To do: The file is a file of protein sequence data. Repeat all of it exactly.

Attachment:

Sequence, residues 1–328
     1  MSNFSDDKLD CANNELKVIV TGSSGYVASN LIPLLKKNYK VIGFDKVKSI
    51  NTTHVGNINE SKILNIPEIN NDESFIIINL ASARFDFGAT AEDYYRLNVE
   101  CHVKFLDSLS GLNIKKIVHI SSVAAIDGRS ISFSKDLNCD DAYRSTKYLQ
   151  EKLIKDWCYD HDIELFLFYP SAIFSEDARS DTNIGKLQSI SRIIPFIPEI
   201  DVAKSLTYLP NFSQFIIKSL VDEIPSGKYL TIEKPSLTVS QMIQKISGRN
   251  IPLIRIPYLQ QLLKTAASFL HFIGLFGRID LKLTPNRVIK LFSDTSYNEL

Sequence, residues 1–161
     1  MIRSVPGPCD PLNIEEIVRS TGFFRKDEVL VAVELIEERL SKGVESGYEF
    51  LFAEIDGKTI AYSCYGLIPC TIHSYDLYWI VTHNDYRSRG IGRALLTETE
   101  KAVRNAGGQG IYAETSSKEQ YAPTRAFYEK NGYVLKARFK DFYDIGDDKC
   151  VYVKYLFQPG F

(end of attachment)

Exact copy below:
Sequence, residues 1–328
     1  MSNFSDDKLD CANNELKVIV TGSSGYVASN LIPLLKKNYK VIGFDKVKSI
    51  NTTHVGNINE SKILNIPEIN NDESFIIINL ASARFDFGAT AEDYYRLNVE
   101  CHVKFLDSLS GLNIKKIVHI SSVAAIDGRS ISFSKDLNCD DAYRSTKYLQ
   151  EKLIKDWCYD HDIELFLFYP SAIFSEDARS DTNIGKLQSI SRIIPFIPEI
   201  DVAKSLTYLP NFSQFIIKSL VDEIPSGKYL TIEKPSLTVS QMIQKISGRN
   251  IPLIRIPYLQ QLLKTAASFL HFIGLFGRID LKLTPNRVIK LFSDTSYNEL

Sequence, residues 1–161
     1  MIRSVPGPCD PLNIEEIVRS TGFFRKDEVL VAVELIEERL SKGVESGYEF
    51  LFAEIDGKTI AYSCYGLIPC TIHSYDLYWI VTHNDYRSRG IGRALLTETE
   101  KAVRNAGGQG IYAETSSKEQ YAPTRAFYEK NGYVLKARFK DFYDIGDDKC
   151  VYVKYLFQPG F